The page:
LG Tone Free FP9 TWS Buds Review: ANC
The ANC implementation is also decent but not as good as the competition. It uses two microphones on each bud to cut ambient sound.
We tried it out in nearly all scenarios possible – sitting on the wing seat on an aeroplane with crying babies, in a shower, on the road and even on a bike with a ton of wind noise (with the helmet on, of course).
In-flight, the ANC was strong enough to mute the sound of the propeller, but no human voices. We also wished the sound of the music could have been louder because the auditory senses are anyway suppressed in a pressurised cabin.
The ANC almost entirely deafens street sounds, so take caution if you plan on immersing yourself on the road.
The ANC can be a nuisance while riding a bike, especially while riding pillion and wearing open-face helmets, because of the wind noise generated by the mics. However, indoors, it could cut out the AC’s sound very well.
There are three levels of noise cancellation here – Low, high and off.
The Ambient mode, which lets you listen to the sounds around you using the onboard mics, isn’t all that effective, though, and there have been times we missed the doorbell at home.
LG Tone Free FP9 TWS Buds Review: App, features & controls
LG’s Tone Free app offers good flexibility and customisability while being relatively user-friendly. Apart from letting you tweak the EQ and toggle ANC modes, you also get to do some interesting stuff.
Starting with the controls, you can customise what single, double and triple tapping the buds do within the app. And yes, you can allocate a gesture to increasing or decreasing the volume, which is something not a lot of buds let you do.
You can enable Meridian’s 3D Sound Stage for a more immersive experience, which we found more useful while watching movies and TV shows.
There is a beta feature called ‘Whispering Mode’, which allows you to keep one bud near your mouth to speak stealthily in a public setting. The feature is executed relatively well, but you do appear suspicious speaking like that in a bud in public.
But our favourite feature wasn’t in the app or settings, it was right on the charging case, and it’s called Plug and Wireless. As mentioned before, it allows you to turn a dumb audio device into a smart one by making a wireless bridge between it and the buds. All it needs is to toggle a switch on the left side of the case. We tried this with an Xbox controller and an old Walkman with some nostalgic songs, and it does work well.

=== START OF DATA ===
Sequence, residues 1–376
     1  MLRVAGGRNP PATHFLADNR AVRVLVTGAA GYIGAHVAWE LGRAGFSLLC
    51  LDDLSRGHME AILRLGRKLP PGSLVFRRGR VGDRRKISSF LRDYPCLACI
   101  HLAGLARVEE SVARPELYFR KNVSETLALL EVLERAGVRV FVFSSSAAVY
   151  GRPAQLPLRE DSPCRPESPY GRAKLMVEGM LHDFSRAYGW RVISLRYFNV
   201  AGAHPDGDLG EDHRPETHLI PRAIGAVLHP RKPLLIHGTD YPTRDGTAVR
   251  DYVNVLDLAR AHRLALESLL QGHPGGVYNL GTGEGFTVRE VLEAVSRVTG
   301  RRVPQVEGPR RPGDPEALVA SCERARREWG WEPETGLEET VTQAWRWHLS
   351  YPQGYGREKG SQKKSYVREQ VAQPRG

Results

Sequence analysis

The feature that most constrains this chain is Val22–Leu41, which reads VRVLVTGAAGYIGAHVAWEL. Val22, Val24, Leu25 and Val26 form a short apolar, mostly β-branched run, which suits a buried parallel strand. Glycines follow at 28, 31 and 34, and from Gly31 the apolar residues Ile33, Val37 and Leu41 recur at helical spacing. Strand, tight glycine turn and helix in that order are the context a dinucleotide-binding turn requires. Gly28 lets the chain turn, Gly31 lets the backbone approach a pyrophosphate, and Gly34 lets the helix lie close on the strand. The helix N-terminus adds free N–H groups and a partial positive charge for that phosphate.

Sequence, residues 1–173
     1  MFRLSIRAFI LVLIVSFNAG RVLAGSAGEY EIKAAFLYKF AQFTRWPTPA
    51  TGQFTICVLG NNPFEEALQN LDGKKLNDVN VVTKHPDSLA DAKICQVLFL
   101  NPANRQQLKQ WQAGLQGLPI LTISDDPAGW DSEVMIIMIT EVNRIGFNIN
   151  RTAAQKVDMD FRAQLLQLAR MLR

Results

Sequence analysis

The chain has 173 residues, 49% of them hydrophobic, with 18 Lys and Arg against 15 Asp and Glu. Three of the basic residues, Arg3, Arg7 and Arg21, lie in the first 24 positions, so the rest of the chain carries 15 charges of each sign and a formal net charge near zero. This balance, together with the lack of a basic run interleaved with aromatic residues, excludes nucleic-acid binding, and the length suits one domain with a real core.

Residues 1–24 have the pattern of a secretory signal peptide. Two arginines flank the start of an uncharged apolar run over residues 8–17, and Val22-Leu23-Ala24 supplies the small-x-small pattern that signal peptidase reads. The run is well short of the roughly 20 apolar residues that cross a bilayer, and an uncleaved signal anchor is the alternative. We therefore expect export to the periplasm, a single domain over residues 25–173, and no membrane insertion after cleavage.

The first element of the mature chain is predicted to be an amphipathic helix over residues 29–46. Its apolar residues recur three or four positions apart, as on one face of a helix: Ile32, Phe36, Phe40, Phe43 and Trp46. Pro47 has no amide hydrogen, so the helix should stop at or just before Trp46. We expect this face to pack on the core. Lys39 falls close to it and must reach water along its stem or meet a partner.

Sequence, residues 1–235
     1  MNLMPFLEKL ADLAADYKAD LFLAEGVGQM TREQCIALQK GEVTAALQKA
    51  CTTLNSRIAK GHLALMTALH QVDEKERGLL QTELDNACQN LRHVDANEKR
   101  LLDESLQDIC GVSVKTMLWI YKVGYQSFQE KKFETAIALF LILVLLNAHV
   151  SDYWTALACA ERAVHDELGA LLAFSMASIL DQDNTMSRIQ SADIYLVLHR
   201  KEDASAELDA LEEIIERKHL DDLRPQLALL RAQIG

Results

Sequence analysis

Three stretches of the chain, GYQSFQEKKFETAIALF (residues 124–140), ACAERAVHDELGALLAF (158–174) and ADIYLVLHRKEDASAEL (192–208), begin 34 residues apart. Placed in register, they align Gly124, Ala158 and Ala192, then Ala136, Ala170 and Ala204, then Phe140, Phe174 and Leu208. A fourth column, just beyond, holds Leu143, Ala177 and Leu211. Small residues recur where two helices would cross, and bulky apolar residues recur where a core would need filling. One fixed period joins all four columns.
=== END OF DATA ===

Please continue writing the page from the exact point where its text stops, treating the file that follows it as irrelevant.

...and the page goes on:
But there have been times when we were left scratching our heads on why our phone won’t connect to the buds, simply because we knocked the toggle switch to Plug and Wireless mode.
LG Tone Free FP9 TWS Buds Review: Battery life and charging
LG claims that the Tone Free FP9 buds can last about 10 hours of listening time on a single charge with the earbuds and an additional 14 hours from the buds. In reality, it’s nowhere close to these figures.
With ANC on High and volume ranging between 70 to 80 per cent, the FP9s gave us an average playtime of about five and a half hours, which is nothing to write home about. If you turn off the ANC, you can squeeze out four more hours of playtime, which is decent.
The charging case can provide one full charge and with some spare juice, which meant we had to charge our buds at least once every two days.
Although the buds support fast charging, they take about two hours to be topped up entirely. This was too long for us, given the small-ish battery size. The lack of wireless charging at this price also stung us a bit.
LG Tone Free FP9 TWS Buds Review: Verdict
LG has tried something unique with the Tone Free FP9 buds, and it has somehow worked. While Sony, Sennheiser and Jabra have taken more cautious, deliberate approaches to perfecting their top-end TWS buds, LG has let the horses loose. As a result, these are a lot more fun than the other buds you can find at the same price but at the compromise of battery life and overall loudness. So look no further if you are a clean-freak with some old audio gadgets lying around.
LG Tone Free FP9₹ 16,990
ACTIVE NOISE CANCELLATION8.5/10
VALUE FOR MONEY7.5/10
What Is Good?
- Great mids and highs reproduction
- Pocketable & light
- Can turn a dumb audio device into smart
- Great mics
What Is Bad?
- Loudness could have been better
- Battery life
- Mediocre Ambient mode